In my hazily recollected studies I think I learned these as Domains in relational theory (Rudy - are Domains ANSI?). I am fairly sure that Domains as I learned them would be awesome if they were fully incorporated into SQL Server... but they are not.

    And no - I have none in production. Or development for that matter.

  8. #8
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    gee sounds like a check constraint to me. i do not use them but the one thing they can buy you is consistency across different tables.
    “If one brings so much courage to this world the world has to kill them or break them, so of course it kills them. The world breaks every one and afterward many are strong at the broken places. But those that will not break it kills. It kills the very good and the very gentle and the very brave impartially. If you are none of these you can be sure it will kill you too but there will be no special hurry.” Earnest Hemingway, A Farewell To Arms.

  9. #9
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    Quote Originally Posted by Thrasymachus
    gee sounds like a check constraint to me. i do not use them but the one thing they can buy you is consistency across different tables.
    Yes - but the UDT (in theory) would give you consistency in your check constraints across tables.

  10. #10
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    anybody hear an echo?
    “If one brings so much courage to this world the world has to kill them or break them, so of course it kills them. The world breaks every one and afterward many are strong at the broken places. But those that will not break it kills. It kills the very good and the very gentle and the very brave impartially. If you are none of these you can be sure it will kill you too but there will be no special hurry.” Earnest Hemingway, A Farewell To Arms.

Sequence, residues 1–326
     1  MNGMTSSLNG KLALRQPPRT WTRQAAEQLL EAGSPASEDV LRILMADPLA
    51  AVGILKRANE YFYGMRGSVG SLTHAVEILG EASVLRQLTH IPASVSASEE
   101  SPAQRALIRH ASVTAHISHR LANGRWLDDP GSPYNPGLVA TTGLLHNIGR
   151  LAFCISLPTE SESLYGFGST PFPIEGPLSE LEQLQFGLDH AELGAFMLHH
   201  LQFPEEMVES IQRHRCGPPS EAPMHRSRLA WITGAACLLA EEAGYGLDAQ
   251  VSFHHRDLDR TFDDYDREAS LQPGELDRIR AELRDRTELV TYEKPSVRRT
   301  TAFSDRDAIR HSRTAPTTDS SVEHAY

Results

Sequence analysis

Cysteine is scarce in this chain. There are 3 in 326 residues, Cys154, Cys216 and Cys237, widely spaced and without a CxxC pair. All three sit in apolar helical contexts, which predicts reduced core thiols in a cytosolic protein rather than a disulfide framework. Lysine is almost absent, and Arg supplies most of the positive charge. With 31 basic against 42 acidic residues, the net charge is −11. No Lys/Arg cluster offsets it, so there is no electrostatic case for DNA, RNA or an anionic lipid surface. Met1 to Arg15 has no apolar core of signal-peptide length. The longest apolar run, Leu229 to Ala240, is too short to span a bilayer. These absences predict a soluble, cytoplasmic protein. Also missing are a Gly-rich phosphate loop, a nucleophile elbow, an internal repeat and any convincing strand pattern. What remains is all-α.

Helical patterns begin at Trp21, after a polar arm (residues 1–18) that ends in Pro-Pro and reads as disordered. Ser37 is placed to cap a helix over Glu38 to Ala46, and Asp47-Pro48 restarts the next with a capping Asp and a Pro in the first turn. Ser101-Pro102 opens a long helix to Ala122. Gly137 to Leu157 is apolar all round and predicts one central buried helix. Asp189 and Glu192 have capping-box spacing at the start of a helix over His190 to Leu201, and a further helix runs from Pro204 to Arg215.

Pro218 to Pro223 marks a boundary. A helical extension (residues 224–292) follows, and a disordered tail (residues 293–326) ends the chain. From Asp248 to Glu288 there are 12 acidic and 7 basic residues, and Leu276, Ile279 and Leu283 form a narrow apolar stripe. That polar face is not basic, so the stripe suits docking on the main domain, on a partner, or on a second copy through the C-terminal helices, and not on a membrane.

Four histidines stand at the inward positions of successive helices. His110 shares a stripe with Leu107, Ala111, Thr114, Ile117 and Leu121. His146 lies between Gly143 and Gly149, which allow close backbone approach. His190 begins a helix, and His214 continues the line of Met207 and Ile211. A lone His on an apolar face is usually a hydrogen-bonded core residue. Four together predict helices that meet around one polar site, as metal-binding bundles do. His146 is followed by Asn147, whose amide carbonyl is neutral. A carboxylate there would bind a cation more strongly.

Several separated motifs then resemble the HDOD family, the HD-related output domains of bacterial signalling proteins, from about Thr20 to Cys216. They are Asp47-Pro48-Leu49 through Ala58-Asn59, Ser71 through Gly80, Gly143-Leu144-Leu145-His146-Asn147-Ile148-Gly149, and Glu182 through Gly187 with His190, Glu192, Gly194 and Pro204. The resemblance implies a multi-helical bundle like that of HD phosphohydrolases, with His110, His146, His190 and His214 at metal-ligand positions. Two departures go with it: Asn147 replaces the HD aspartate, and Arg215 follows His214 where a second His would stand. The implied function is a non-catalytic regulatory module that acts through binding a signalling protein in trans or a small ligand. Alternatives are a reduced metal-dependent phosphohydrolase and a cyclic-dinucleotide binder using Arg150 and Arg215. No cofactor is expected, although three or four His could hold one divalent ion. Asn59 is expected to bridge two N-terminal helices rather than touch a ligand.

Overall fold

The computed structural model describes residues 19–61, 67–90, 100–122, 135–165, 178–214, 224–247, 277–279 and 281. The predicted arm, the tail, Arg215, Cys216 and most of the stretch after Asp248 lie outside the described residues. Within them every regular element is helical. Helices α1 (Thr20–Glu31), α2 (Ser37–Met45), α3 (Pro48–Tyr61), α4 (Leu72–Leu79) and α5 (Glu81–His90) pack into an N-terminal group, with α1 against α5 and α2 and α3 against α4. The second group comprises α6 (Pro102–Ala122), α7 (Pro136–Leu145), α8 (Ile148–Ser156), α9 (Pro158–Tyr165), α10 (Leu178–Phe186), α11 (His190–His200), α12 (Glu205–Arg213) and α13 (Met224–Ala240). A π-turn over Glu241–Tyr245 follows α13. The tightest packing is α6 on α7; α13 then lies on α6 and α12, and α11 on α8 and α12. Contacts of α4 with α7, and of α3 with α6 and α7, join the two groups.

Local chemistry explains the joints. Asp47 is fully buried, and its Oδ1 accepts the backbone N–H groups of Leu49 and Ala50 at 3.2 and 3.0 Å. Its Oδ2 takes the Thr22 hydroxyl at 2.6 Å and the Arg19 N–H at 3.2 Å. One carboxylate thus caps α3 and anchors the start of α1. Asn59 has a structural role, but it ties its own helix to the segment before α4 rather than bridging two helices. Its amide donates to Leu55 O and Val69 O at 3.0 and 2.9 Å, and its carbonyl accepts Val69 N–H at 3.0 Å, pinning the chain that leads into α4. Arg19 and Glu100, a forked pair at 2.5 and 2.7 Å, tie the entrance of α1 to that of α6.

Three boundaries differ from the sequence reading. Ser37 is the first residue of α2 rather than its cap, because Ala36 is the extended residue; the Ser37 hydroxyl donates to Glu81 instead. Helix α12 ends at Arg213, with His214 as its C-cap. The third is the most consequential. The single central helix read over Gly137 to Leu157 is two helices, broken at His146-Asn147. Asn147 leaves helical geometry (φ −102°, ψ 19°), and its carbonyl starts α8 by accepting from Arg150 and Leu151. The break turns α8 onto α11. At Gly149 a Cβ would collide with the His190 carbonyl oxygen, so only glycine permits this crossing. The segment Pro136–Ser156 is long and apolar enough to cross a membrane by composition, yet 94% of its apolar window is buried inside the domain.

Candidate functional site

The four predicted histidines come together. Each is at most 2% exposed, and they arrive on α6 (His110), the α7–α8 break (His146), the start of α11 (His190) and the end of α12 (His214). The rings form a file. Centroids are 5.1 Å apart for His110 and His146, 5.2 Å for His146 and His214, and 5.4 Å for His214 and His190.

11. #11
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    Quote Originally Posted by pootle flump
    Yes - but the UDT (in theory) would give you consistency in your check constraints across tables.
    "In theory, practice and theory are the same. In practice, theory and practice are different."
    If it's not practically useful, then it's practically useless.

    blindman
    www.chess.com: "sqlblindman"
    www.LobsterShot.blogspot.com

  12. #12
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    Quote Originally Posted by pootle flump
    ...For example, specifying a telephone number field - VARCHAR(20) with some associated rule that specifies numerics and spaces only - no alphabetic characters...
    But my phone number is Klondike 5-2856

  13. #13
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    Quote Originally Posted by MCrowley
    But my phone number is Klondike 5-2856
    I don't have to deal with "Americanizations" over in good old you-know-where-you-are-because-when-a-field-says-phone-number-it-means-phone-number Blighty.

    In any event it was an example.

    Blinking pedants

  14. #14
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    I've used UDT twice and I don't really regret it. However I must confess that it was for things that are not likely to change in my life time and the next.

    In my MCTS: SQL Server 2005 classes a couple of days ago the trainer pretty much agreed with blindman ^^

  15. #15
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    I start mine on Monday - how're you finding it?
    George